Over here in the States, Velocity is always my first port of call for something well designed and a bit different and they have been really supportive to Inkdish. Even when we first started out and had one pattern they were very encouraging.

Unica Home has been similarly supportive to small design companies like us and is a great resource for beautifully designed products.

[See details.]

Q. Any interesting products that should be on our radar that you’ve come across... and what makes it interesting?

A. While in NYC recently, we discovered a fantastic designer called Melissa Borrell who has created these really decorative large etched bulbs that also cast beautiful shapes onto the walls, I'd love to get my hands on a couple of those!

I also am dying to get some 'Herds' fabric by Skinny LaMinx, I love that it manages to be a striking modern pattern, but also such a reflection of traditional African folk art and cave painting.  

[See details.]


Q. Which restaurants inspire you because of the tableware they use or their design?

A. One of the most beautiful places to eat in San Diego is Extraordinary Desserts in Little Italy, it's like being in a gallery it's so beautifully feminine and then the cakes themselves are little pieces of art they are so lavishly decorated.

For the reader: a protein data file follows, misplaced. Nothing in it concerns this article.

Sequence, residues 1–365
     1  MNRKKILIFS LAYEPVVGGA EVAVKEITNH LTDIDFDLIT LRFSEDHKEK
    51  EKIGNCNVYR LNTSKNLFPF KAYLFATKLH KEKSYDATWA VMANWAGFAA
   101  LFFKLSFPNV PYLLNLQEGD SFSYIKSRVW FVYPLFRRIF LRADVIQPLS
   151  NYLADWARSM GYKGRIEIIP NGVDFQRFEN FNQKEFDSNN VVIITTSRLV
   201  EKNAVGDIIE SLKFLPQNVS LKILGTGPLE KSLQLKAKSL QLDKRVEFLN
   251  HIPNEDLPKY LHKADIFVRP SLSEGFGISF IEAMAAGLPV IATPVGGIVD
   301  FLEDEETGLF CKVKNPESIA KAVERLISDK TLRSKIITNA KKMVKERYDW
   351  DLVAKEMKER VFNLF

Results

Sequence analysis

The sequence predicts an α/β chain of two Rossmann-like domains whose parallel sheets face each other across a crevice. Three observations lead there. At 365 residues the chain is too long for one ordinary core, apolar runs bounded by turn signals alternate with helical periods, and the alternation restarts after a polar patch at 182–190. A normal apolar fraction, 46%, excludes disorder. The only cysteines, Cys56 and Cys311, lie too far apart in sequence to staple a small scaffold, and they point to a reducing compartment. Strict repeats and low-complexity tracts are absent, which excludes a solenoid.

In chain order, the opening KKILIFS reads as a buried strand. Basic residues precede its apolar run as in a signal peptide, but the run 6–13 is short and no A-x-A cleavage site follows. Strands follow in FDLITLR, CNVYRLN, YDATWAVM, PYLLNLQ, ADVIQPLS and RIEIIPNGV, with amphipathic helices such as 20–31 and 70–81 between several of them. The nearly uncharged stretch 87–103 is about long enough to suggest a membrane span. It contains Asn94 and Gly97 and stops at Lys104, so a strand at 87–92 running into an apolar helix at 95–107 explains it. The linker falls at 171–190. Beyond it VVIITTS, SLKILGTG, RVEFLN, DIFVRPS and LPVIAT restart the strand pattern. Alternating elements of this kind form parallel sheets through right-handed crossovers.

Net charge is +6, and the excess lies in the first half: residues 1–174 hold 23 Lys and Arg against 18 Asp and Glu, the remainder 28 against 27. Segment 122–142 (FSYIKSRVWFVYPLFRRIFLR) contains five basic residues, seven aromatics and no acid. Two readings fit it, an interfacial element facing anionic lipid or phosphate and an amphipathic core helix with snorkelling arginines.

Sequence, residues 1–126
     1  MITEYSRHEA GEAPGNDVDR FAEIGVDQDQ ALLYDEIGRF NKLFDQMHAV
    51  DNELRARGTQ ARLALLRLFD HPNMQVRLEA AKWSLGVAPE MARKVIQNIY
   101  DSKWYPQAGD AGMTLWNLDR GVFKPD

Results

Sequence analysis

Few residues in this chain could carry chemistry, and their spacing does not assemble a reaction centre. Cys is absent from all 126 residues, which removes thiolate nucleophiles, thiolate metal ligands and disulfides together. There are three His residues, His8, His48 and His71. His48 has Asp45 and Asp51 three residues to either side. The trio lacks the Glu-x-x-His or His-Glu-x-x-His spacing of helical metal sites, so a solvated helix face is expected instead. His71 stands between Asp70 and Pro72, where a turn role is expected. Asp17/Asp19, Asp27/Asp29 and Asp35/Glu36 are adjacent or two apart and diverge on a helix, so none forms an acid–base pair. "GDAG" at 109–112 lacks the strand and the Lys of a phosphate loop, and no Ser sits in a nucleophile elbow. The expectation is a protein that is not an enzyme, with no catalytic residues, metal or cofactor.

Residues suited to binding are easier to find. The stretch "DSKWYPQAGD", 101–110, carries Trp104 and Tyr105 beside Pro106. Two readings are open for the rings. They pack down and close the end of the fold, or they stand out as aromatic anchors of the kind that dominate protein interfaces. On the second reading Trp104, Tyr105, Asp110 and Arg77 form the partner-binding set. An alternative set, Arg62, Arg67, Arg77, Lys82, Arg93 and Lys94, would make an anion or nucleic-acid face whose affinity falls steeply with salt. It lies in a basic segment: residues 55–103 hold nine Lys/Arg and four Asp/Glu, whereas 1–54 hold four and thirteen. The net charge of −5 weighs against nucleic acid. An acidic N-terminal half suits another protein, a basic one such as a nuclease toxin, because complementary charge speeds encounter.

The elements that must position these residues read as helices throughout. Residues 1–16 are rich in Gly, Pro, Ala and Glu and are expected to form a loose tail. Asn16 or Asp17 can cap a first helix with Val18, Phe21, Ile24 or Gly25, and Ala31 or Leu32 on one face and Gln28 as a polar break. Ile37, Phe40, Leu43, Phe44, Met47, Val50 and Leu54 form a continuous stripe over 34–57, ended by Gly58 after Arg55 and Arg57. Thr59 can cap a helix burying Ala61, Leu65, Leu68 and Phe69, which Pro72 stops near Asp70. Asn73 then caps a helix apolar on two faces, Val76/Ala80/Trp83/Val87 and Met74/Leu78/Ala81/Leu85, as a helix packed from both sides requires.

Neighborhood is definitely a good place to hang out if you are in downtown San Diego. It’s very cleverly designed with a large mosaic of the city and very provocative religious imagery. I would say the Pasilla Steak Frites alone make the trip worth it... not to mention the secret speakeasy. It’s called  ‘A noble experiment' and it's behind a secret door disguised as beer barrels inside Neighborhood. It's a small lavishly decorated bar with gold skulls adorning the walls and lots of neon lighting, very pretentious, but very cool!

Bankers Hill Grill, as well as making great food, have a fantastic 'vintage industrial salvage' look to their restaurant; the cool surroundings makes their truffle parmesan fries taste even better.

[See details.]

Q. Any restaurants / bars in San Diego that shouldn’t be missed?